In Spirited Away, Chihiro, a ten-year-old girl, learns to grow up while working in the Bath House in the spiritual world after her parents turn into pigs. There, Chihiro survives the materialism, and helps kind-hearted dragon called Haku and an identity-less creature called No-face to gain salvation. In the end, Chihiro saves her parents and returns to the normal world. In this movie, the literal image of food are taken deeper with symbolic meanings to imply growing up, materialism with negative effects, and salvation. These presentations of food, all together, shows that normal things like food, have different sides.
First of all, food implies growing up and adaption into new environment. As Haku said before to the workers of the Bath House, Chihiro’s human smell will go away in three days as long as she eats the food in this world. This symbolizes Chihiro’s acclimation to the new world. This implication is later presented in detail, as Chihiro eats the Onigiri from Haku. At first Chihiro was afraid to eat the Onigiri, symbolizing her unwillingness to grow up. Under the encouragement of Haku, Chihiro then takes a small bite, symbolizing her first try on becoming braver. After that Chihiro speeds up and chews big bites while crying because she now realizes that she’s on her own now, without parents to rely on. Through eating the Onigiri, Chihiro realizes that she is the one who needs to take the responsibility to save her parents and to help herself return home, and thus Chihiro becomes a more independent person.
Food in the movie implies money, or materialism: No-face originally has no identity, and he learns from things happening around him. In other words, No-face is just a mirror that reflects the society, or the Bath House specifically. While he is in the Bath House, No-face learns materialism from the workers in the Bath House, and begins to get attention using “gold”. At this stage, food to No-face is like money to the workers at Bath House, and it symbolizes materialism in the Bath House. Just like workers at Bath House has no limit of their greed toward gold, No-face grows to become extremely greedy for food. He gulps tons of dishes, and even workers of the Bath House, but his appetite can’t be satisfied. This is not because No-face really has infinite appetite for food, but because his true intention cannot be recognized and satisfied. In the end, what No-face really wants is just love and care – he even yells out “I feel lonely” when he faces Chihiro. This is also why No-face gets so angry when Chihiro refuses to take gold from No-face: Chihiro, the only one who truly cared about No-face, denied No-face’s material success. This implies that materialism cannot bring the true happiness. All the temporary satisfaction that materialism brings will vanish, since materials can only give superficial pleasure but cannot enrich people’s inner-self. This implication is revealed in the movie later, as No-face throws up all the food he engulfed, while the “gold” he gave to the workers all turns into dirt.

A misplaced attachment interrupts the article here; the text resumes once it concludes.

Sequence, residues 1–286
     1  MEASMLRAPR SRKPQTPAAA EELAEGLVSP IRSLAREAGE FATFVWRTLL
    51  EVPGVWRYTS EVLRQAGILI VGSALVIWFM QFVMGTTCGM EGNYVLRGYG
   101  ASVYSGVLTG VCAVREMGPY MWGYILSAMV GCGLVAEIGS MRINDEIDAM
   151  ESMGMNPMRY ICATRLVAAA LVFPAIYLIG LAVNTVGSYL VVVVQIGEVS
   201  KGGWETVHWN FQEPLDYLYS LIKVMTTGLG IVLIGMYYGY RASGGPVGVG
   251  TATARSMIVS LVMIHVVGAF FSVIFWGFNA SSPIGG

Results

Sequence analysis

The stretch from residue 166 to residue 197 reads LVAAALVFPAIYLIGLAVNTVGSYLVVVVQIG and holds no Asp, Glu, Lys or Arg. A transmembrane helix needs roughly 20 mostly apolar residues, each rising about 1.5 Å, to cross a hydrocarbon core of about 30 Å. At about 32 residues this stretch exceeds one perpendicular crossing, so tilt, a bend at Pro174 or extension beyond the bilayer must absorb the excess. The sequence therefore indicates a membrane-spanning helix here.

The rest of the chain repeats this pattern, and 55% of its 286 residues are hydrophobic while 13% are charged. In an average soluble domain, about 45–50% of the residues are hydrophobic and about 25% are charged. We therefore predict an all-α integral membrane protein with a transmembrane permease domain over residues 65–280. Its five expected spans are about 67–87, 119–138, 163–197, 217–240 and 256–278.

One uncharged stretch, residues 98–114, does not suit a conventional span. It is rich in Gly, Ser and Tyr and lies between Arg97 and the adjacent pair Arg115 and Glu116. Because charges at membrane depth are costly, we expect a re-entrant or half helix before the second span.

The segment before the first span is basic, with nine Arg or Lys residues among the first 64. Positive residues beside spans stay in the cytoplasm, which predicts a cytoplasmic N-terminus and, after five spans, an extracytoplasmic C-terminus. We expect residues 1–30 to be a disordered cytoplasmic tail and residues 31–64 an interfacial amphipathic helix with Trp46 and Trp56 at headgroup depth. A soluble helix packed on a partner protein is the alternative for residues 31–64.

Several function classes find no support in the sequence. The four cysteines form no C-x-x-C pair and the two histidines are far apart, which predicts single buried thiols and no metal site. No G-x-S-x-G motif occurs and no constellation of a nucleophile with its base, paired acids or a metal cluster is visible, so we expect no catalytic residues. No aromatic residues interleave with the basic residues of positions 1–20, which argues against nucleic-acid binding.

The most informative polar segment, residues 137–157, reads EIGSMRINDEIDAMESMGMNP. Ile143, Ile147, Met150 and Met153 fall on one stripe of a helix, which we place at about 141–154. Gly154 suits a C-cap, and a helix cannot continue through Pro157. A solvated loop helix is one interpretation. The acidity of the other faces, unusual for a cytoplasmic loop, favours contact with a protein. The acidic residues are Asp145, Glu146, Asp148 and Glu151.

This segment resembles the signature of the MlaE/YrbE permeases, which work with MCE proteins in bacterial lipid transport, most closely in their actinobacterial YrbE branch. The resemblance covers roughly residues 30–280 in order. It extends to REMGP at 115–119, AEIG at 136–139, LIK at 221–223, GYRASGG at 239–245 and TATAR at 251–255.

Another aspect of food presented in the movie is salvation. This aspect is presented with the magic cake. Chihiro uses half of the magic cake to save Haku’s life. Haku doesn’t just tamely accept the magic cake, instead he is forced by Chihiro to open up his mouth and swallow the cake. This shows that salvation doesn’t come without struggles. By eating the magic cake, Haku doesn’t only come back to life from the curse of Seniba, but even breaks free from Yubaba’s spell that imprisons him from leaving her or disobeying her. The salvation Haku really gains isn’t his life, but rather his freedom – he is now finally free from Yubaba’s control, and he is free from the sins he unintentionally committed under Yubaba’s control. On the other hand, Chihiro uses the other half of the magic cake to save No-face from the greed and materialism he learned in the Bath House. As No-face throws up the filthy content in his body, his mind and heart is cleaned up as well. No-face gains salvation from the materialistic contamination in his heart.
In Spirited Away, food, a very normal everyday type of object, is presented to imply growing up, materialism, and salvation. Taking all parts together, Miyazaki shows to audience that even normal objects like food also have both positive and negative sides.